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He conceived, that to promote the free circulation of labour, to remove the obftacles by which induftry is prohibited from availing itfelf of its resources, would go far to remedy the evils, and diminish the necessity of applying for relief to the poor's rates. In the course of a few years, this freedom, from the vexatious restraint which the laws impofed, would fuperfede the object of their institutions. The advantages would be widely diffused, the wealth of the nation would be increased, the poor man rendered not only more comfortable but more virtuous, and the weight of poor's rates, with which the landed intereft is loaded, greatly diminished. He fhould wish, therefore, that an opportunity were given of restoring the original purity of the poor laws, and of removing those corruptions by which they had been obfcured. He was convinced, that the evils which they had occafioned did not arife out of their original constitution, but coincided with the opinion of Blackstone, that in proportion as the wife regulations that were established in the long and glorious reign of Queen Elizabeth, have been superseded by subsequent enactments, the utility of the inftitution has been impaired, and the benevolence of the plan rendered fruitless.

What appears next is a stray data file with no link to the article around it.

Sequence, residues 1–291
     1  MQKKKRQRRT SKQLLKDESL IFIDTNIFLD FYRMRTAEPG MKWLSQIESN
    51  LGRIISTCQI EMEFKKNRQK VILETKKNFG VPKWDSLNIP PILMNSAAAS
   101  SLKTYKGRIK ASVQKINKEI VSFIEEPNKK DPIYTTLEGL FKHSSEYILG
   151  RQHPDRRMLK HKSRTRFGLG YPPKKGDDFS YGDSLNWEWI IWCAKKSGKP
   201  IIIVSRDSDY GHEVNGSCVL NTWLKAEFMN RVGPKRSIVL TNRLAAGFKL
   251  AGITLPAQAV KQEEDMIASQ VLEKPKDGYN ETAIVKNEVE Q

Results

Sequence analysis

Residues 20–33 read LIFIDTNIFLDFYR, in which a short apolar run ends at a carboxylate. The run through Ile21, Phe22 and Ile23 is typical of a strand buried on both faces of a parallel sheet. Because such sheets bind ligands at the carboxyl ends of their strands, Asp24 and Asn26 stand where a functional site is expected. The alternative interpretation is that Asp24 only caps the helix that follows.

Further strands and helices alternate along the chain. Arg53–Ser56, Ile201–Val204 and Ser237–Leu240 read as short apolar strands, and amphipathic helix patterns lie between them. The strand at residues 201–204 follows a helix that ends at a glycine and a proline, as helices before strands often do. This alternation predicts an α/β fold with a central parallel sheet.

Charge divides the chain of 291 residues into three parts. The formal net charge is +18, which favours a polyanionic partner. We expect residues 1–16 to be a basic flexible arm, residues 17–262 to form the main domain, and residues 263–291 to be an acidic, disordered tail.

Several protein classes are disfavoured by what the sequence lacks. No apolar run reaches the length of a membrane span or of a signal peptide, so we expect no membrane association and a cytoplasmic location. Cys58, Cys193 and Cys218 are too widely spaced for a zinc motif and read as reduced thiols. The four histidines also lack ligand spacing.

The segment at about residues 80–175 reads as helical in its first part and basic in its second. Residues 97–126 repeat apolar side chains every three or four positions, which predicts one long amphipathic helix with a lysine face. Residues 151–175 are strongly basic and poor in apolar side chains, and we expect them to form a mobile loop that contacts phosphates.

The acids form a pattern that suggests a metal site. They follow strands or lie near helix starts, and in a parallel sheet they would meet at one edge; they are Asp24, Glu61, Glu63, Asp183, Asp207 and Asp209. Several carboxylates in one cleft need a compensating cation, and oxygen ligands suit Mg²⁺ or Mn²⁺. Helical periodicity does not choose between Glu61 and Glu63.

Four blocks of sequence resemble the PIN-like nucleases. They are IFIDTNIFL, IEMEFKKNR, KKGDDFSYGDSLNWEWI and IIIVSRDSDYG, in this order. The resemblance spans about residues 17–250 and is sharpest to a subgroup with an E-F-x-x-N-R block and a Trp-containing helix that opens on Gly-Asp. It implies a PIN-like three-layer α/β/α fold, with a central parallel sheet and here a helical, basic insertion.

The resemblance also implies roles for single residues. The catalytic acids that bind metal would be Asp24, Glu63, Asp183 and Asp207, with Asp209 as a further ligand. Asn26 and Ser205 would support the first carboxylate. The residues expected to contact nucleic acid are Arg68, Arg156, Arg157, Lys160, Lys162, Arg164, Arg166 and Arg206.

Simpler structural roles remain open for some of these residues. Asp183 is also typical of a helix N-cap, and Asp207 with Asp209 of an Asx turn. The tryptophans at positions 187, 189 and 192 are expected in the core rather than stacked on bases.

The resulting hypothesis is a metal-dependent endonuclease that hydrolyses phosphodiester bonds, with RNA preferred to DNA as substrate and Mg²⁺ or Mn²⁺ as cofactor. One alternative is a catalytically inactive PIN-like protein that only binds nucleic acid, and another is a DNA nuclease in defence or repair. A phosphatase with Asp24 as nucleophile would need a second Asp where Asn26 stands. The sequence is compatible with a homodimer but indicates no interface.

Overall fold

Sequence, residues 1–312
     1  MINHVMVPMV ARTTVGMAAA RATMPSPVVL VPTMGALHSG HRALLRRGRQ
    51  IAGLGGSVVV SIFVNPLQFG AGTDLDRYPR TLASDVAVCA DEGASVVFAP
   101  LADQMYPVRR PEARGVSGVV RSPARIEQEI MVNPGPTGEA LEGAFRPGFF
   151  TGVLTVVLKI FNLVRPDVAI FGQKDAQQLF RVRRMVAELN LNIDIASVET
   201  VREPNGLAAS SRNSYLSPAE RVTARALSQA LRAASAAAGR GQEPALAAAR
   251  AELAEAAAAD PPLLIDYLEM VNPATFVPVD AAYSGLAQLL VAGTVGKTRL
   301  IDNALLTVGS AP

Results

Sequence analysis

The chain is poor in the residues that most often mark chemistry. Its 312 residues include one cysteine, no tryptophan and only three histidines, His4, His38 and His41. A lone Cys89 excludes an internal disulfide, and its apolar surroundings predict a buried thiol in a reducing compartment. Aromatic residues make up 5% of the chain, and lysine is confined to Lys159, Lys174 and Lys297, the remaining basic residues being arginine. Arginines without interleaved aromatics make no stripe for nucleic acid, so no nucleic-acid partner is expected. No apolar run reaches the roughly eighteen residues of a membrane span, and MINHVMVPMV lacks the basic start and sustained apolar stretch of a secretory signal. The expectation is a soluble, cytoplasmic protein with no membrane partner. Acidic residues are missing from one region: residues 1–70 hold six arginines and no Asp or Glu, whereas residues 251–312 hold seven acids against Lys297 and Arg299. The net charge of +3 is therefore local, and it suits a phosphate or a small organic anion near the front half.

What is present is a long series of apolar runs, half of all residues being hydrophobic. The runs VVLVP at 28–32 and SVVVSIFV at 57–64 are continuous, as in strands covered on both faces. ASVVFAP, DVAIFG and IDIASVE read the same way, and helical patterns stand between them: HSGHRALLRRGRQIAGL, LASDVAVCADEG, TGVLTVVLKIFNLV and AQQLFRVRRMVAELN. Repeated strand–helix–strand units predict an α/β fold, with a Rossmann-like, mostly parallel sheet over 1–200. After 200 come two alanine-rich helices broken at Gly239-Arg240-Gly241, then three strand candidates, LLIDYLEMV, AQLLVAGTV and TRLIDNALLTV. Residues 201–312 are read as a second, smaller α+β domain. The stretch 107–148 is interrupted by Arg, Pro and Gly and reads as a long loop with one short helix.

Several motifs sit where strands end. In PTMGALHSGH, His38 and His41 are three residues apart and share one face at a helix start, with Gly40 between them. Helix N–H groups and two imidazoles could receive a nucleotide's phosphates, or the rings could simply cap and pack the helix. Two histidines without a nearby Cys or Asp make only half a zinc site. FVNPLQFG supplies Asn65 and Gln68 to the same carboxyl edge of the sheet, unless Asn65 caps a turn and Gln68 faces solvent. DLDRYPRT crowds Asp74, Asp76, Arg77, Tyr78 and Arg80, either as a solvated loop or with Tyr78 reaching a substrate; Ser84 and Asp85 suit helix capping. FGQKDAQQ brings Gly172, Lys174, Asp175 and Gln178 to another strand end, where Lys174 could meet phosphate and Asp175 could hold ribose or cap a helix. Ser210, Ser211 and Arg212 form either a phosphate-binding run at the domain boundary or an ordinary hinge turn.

While he thus had expreffed those sentiments which the discusfion naturally prompted, it might not perhaps, be improper, on fuch an occafion, to lay before the House the ideas floating in his mind, though not digefted with fufficient accuracy, nor arranged with a proper degree of clearness. Neither what the honourable gentleman propofed, nor what he himself had suggested, were remedies adequate to the evil it was intended to remove. Suppofing, however, the two modes of remedying the evil were on a par in effect, the preference in principle was clearly due to that which was leaft arbitrary in its nature, but it was not difficult to perceive that the remedy propofed by the honourable gentleman would either be completely ineffectual, or fuch as far to over-reach its mark. As there was a difference in the numbers which compose the fa milies of the labouring poor, it must neceffarily require more to support a small family. Now by the regulations proposed, either the man with a small family would have too much wages, or the man with a large family who had done most service to his country, would have too little. So that were the minimum fixed upon the standard of a large family, it might operate as an encouragement to idleness on one part of the community; and if it were fixed on the standard of a small family, thofe would not enjoy the benefit of it, for whofe relief it was intended. What measure then could be found to fupply the defect. Let us, faid he, make relief in cafes, where there are a number of children a matter of right, and an honour VOL. XLV: